“The first thing to note is that the meal is obviously a ‘cultic’ occasion that formed a key part of the devotional/liturgical life of early Christian groups. Paul refers to the meal as the ‘Lord’s supper’ (kyriakon deipnon, 11:20), which clearly associates the meal with Jesus as the Kyrios of the Christian group. In 1 Corinthians 11:27 and 10:21, he refers to ‘the cup of the Lord’ and ‘the table of the Lord,’ which reflect the same explicit association. In the tradition that Paul recites in 11:23-26, he associates the bread and wine of the meal directly with Jesus’ redemptive death, which is constitutive of ‘the new covenant’; Paul also characterizes the continuing cult-meal practice as a proclamation of the death of ‘the Lord’ until his eschatological return.
“Paul’s discussion of questions about Christian participation in the cult meals of the pagan gods (1 Cor. 10:14-22) directly poses as exclusive alternatives these feasts and the Lord’s supper. Here he refers to the cup and bread as ‘participation’ (koinonia) in the blood and body of Christ (v. 16), and he draws a direct comparison between the Christian meal and the eating of sacrificial food in the Jerusalem temple (v. 18). He also warns here about ‘provoking the Lord to jealousy’ (v. 22), biblical phrasing that originally referred to God, appropriated here to Jesus as the Kyrios whose divine power is to be taken seriously. This is reflected also in 11:29-32, where Paul warns about the serious consequences of being judged by ‘the Lord’ (Jesus) for inappropriate behavior at the Christian sacred meal.
“Clearly the Lord’s supper is here the Christian cult meal where the Lord Jesus plays a role that is explicitly likened to that of the deities of the pagan cults and, even more astonishingly, TO THE ROLE OF GOD! This is not merely a memorial meal for a dead hero. Jesus is perceived as the living and powerful Kyrios who owns the meal and presides at it, and with whom believers have fellowship as with a god.” (Larry Hurtado, Lord Jesus Christ: Devotion to Jesus in Earliest Christianity [William B. Eerdmans Publishing Company, Grand Rapids, MI 2003], Chapter Two. Early Pauline Christianity, Binitarian Worship, pp. 145-146: http://books.google.com/books?id=_MH-_ZQuZrgC&printsec=frontcover#v=onepage&q&f=false; bold and capital emphasis mine)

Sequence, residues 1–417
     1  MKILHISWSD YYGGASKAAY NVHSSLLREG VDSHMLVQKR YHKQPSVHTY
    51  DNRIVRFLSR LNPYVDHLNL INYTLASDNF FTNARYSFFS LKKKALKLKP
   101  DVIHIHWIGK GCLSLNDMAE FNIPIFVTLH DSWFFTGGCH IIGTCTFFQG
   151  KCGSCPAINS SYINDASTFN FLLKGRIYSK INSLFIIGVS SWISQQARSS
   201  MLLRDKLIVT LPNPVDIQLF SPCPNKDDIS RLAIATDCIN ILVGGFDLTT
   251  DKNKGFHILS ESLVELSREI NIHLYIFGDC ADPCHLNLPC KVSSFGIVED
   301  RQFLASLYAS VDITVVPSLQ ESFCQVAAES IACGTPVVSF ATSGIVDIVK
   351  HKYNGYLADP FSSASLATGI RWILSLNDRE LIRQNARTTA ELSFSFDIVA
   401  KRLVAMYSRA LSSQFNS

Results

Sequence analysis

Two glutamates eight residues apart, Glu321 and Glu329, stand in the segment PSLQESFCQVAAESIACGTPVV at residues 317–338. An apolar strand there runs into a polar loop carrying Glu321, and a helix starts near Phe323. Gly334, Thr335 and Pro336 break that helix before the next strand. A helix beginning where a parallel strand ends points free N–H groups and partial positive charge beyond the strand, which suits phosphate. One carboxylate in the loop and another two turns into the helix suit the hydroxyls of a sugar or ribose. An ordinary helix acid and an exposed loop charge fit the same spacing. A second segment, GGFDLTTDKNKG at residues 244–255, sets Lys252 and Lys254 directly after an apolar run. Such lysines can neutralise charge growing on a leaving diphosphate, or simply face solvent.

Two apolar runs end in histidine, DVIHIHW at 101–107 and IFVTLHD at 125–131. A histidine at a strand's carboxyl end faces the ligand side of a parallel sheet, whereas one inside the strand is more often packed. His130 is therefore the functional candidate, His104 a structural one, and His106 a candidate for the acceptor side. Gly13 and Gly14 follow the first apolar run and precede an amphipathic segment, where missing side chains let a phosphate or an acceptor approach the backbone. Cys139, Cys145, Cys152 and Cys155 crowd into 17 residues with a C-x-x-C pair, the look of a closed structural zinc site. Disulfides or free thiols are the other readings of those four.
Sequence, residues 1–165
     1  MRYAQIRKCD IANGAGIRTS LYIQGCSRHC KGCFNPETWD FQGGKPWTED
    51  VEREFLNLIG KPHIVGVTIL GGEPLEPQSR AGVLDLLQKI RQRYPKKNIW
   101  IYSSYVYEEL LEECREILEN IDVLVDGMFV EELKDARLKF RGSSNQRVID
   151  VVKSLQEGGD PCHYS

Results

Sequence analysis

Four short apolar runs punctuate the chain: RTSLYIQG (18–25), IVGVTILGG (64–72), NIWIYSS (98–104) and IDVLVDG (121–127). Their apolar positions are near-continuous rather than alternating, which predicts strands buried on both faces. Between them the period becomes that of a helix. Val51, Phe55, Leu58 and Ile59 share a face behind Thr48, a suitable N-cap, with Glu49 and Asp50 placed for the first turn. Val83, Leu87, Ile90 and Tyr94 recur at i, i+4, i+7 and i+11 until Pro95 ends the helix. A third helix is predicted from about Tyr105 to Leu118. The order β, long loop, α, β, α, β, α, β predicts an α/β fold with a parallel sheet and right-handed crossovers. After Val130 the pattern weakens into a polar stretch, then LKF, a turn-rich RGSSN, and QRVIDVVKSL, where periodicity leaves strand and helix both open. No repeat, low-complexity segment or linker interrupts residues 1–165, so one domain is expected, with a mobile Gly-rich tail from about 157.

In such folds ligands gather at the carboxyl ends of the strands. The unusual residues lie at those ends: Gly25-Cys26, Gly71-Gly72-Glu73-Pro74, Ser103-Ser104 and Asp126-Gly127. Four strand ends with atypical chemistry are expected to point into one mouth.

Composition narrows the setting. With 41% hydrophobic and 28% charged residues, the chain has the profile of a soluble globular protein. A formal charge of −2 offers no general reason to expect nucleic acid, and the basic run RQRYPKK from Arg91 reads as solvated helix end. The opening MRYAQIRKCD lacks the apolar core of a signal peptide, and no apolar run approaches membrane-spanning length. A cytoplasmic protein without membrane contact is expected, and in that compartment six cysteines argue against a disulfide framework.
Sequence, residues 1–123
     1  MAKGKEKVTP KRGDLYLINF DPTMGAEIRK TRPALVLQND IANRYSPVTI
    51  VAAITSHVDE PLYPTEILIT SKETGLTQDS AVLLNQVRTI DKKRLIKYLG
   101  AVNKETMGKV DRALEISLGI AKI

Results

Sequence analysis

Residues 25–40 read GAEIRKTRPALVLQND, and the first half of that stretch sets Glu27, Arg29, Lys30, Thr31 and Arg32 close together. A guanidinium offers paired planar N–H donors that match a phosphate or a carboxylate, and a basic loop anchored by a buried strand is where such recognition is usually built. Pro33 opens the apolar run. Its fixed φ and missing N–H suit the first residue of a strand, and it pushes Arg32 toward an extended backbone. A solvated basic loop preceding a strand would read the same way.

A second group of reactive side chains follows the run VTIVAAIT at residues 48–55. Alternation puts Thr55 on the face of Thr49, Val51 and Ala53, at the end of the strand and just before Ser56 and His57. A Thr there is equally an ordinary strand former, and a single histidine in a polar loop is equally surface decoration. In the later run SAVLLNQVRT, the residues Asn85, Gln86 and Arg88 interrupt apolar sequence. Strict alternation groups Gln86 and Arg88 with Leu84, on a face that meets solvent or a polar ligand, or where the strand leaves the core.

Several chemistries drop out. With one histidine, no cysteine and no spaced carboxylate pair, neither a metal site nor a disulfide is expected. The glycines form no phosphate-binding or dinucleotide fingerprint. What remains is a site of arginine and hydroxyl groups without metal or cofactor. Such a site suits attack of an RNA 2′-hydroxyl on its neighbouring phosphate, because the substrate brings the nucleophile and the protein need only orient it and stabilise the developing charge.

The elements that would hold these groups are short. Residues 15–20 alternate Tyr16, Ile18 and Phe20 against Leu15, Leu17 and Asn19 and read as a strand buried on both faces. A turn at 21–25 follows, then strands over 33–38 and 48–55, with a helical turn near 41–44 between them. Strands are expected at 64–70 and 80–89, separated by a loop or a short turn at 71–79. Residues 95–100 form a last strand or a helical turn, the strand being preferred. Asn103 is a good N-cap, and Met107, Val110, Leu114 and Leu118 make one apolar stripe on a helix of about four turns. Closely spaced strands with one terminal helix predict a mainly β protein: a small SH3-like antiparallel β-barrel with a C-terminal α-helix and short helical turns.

Hence, not only is the eucharist the sacrifice which the prophet Malachi foretold would be offered by the Gentiles throughout the world, but this also establishes that Jesus is the very God for whom this sacrifice is presented!
(1) The earliest and majority of textual witnesses all read Christ in 1 Cor. 10:9, thereby affirming that it was the preexistent Son whom the Israelites tempted and provoked in the wilderness:
The earliest support for Χριστόν is Marcion (the arch-heretic from Pontus who worked for a while in Rome c. 140); Epiphanius, in the late 300s, claimed that Marcion changed the text from Κύριον to Χριστόν. But, as Osburn argues, it is reasonable to understand Epiphanius’ claim as a presumption – i.e., that Epiphanius’ text read Κύριον and he assumed that Marcion had changed it – rather than as an observation. Slightly later is Irenaeus (in Against Heresies, Book 4, ch. 27), and slightly later than Irenaeus are Clement of Alexandria, Origen (in a statement preserved in the margin of GA 1739), and Theotecnus (bishop of Caesarea-in-Palestine, and an associate of Origen), writing against Paul of Samosata for the Council of Antioch (268).